Okay, Boyce, you’re off to a bad start, your second and third sentences are not even sentences and your first supporting argument is invalid…moving on.

Oscar Wilde was a great writer, actually, he was more than just great. Granted, Alfred Lord Tennyson is still my favorite, with Robert Service and Robert Frost bringing up close seconds, but there is no argument that Wilde was a literary genius. However, had Wilde never lived and never penned his ideas and thoughts, my life would be no different.

Then there is the disturbing nature of the quote used by Boyce, “…and it repeatedly exists between an older and a younger man, when the older man has intellect, and the younger man has all the joy, hope and glamour of life before him.” Personally, I wouldn’t use this quote in trying to legitimize homosexuality as the quote speaks of two individuals who are at different levels of emotional development, i.e., one is an adult while the other is either an adolescent or a child (another of my degrees is in psychology). Therefore, as I see it, yes, this quote supports homosexuality, but it also supports child abuse and coercive rape.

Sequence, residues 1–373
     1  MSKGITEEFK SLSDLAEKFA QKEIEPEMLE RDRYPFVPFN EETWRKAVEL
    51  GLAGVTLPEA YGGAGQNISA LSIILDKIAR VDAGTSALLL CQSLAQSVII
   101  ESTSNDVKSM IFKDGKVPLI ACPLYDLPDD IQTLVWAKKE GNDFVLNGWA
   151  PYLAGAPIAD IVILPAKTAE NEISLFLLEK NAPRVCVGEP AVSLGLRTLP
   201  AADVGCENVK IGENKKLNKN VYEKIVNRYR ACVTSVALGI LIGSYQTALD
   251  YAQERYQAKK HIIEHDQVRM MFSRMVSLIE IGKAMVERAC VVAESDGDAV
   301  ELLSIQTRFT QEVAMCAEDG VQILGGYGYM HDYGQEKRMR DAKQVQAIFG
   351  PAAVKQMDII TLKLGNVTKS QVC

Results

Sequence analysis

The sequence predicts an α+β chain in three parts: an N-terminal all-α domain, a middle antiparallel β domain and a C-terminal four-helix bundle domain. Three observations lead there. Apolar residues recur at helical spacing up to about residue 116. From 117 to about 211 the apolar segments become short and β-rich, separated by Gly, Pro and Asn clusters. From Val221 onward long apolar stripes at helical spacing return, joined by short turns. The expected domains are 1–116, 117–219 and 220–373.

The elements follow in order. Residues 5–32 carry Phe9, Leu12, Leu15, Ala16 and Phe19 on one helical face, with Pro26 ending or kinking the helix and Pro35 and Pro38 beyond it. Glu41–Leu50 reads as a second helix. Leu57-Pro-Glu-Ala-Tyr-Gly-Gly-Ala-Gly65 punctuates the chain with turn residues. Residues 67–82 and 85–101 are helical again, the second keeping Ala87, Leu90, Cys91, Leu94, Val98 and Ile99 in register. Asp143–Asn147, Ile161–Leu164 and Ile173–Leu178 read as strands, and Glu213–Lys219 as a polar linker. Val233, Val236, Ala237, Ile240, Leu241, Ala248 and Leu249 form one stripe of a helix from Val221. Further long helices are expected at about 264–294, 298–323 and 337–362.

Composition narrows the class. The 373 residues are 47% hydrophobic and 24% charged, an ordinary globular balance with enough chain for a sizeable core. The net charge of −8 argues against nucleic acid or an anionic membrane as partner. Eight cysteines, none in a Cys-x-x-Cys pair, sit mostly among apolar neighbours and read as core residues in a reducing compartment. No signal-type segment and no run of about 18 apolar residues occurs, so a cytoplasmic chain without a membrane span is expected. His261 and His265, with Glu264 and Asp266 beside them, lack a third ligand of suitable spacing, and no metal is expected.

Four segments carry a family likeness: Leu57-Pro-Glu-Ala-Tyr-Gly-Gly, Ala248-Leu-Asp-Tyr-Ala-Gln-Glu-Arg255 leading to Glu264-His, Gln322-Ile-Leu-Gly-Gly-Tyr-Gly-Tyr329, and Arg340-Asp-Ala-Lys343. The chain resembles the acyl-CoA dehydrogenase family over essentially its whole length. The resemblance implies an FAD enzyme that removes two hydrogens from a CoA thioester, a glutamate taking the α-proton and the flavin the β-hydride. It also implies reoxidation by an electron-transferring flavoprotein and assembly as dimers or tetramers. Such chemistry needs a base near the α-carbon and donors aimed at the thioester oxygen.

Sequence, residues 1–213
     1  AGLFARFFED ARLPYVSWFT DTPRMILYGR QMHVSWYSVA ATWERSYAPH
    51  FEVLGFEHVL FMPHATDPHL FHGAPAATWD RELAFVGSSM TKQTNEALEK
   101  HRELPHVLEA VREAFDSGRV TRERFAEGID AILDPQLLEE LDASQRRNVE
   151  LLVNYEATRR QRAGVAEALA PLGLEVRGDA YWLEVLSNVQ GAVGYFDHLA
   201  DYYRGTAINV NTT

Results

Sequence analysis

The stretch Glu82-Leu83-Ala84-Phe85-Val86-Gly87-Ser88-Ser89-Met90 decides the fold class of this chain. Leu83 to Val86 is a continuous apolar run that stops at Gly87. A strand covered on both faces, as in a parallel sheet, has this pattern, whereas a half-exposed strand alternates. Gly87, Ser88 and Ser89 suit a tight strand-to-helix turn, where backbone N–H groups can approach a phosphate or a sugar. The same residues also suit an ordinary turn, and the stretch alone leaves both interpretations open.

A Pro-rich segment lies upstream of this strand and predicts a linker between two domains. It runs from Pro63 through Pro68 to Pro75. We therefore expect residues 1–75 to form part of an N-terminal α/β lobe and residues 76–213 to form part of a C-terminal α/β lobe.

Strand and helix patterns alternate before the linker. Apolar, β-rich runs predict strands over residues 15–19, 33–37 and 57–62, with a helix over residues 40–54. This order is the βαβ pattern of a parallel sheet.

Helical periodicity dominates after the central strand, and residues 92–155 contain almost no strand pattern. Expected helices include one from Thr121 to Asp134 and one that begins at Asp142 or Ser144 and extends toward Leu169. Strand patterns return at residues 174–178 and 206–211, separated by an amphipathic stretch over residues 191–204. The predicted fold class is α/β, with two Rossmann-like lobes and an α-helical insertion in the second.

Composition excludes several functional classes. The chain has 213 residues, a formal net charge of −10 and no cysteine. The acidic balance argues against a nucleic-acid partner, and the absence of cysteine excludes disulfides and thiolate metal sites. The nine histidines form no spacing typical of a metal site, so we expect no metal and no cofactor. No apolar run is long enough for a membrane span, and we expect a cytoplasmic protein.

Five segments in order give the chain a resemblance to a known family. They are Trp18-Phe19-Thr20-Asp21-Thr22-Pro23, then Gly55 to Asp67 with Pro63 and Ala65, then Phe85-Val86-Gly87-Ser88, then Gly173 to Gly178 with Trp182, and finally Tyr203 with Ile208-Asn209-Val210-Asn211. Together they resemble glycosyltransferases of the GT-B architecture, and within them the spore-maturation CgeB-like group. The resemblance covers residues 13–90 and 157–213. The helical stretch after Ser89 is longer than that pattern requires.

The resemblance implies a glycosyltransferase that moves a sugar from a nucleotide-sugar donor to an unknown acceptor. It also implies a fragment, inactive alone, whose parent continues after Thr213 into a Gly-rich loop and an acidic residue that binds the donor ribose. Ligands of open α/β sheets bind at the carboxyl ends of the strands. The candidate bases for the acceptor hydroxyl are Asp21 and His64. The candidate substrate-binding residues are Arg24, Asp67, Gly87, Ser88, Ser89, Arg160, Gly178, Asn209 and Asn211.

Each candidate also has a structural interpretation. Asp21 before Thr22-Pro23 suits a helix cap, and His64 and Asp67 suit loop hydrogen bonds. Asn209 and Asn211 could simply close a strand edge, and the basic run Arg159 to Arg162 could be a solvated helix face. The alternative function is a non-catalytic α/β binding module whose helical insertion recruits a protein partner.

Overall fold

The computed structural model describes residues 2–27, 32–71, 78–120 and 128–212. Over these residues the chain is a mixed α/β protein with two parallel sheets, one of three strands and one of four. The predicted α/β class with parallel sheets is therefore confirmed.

Cont’d…

5:19PM PDT on Sep 25, 2012

Cont’d…

His next example is Gertrude Stein…sorry, nothing to say there, her life has had no impact on mine and her not being in my past would in no way change anything about the world I live in now. This is just a bad example.